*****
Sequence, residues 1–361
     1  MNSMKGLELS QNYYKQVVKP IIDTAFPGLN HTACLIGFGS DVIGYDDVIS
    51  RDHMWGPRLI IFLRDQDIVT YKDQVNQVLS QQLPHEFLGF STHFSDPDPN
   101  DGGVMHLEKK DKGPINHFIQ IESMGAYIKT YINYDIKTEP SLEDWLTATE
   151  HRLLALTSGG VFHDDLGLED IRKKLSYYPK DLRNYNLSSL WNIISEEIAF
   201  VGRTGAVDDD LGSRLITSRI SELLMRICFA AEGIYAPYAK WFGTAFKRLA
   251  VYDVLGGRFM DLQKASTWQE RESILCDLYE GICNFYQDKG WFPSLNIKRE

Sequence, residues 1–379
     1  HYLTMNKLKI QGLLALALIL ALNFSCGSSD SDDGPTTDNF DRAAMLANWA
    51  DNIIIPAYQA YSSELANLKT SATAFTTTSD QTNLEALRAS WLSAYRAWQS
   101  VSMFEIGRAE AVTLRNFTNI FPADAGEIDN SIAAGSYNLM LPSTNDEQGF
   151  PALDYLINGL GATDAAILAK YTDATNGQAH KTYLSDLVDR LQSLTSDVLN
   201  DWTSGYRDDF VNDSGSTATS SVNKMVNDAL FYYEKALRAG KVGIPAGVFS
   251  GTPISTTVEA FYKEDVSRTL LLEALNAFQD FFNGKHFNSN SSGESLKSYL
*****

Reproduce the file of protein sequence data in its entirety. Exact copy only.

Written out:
Sequence, residues 1–361
     1  MNSMKGLELS QNYYKQVVKP IIDTAFPGLN HTACLIGFGS DVIGYDDVIS
    51  RDHMWGPRLI IFLRDQDIVT YKDQVNQVLS QQLPHEFLGF STHFSDPDPN
   101  DGGVMHLEKK DKGPINHFIQ IESMGAYIKT YINYDIKTEP SLEDWLTATE
   151  HRLLALTSGG VFHDDLGLED IRKKLSYYPK DLRNYNLSSL WNIISEEIAF
   201  VGRTGAVDDD LGSRLITSRI SELLMRICFA AEGIYAPYAK WFGTAFKRLA
   251  VYDVLGGRFM DLQKASTWQE RESILCDLYE GICNFYQDKG WFPSLNIKRE

Sequence, residues 1–379
     1  HYLTMNKLKI QGLLALALIL ALNFSCGSSD SDDGPTTDNF DRAAMLANWA
    51  DNIIIPAYQA YSSELANLKT SATAFTTTSD QTNLEALRAS WLSAYRAWQS
   101  VSMFEIGRAE AVTLRNFTNI FPADAGEIDN SIAAGSYNLM LPSTNDEQGF
   151  PALDYLINGL GATDAAILAK YTDATNGQAH KTYLSDLVDR LQSLTSDVLN
   201  DWTSGYRDDF VNDSGSTATS SVNKMVNDAL FYYEKALRAG KVGIPAGVFS
   251  GTPISTTVEA FYKEDVSRTL LLEALNAFQD FFNGKHFNSN SSGESLKSYL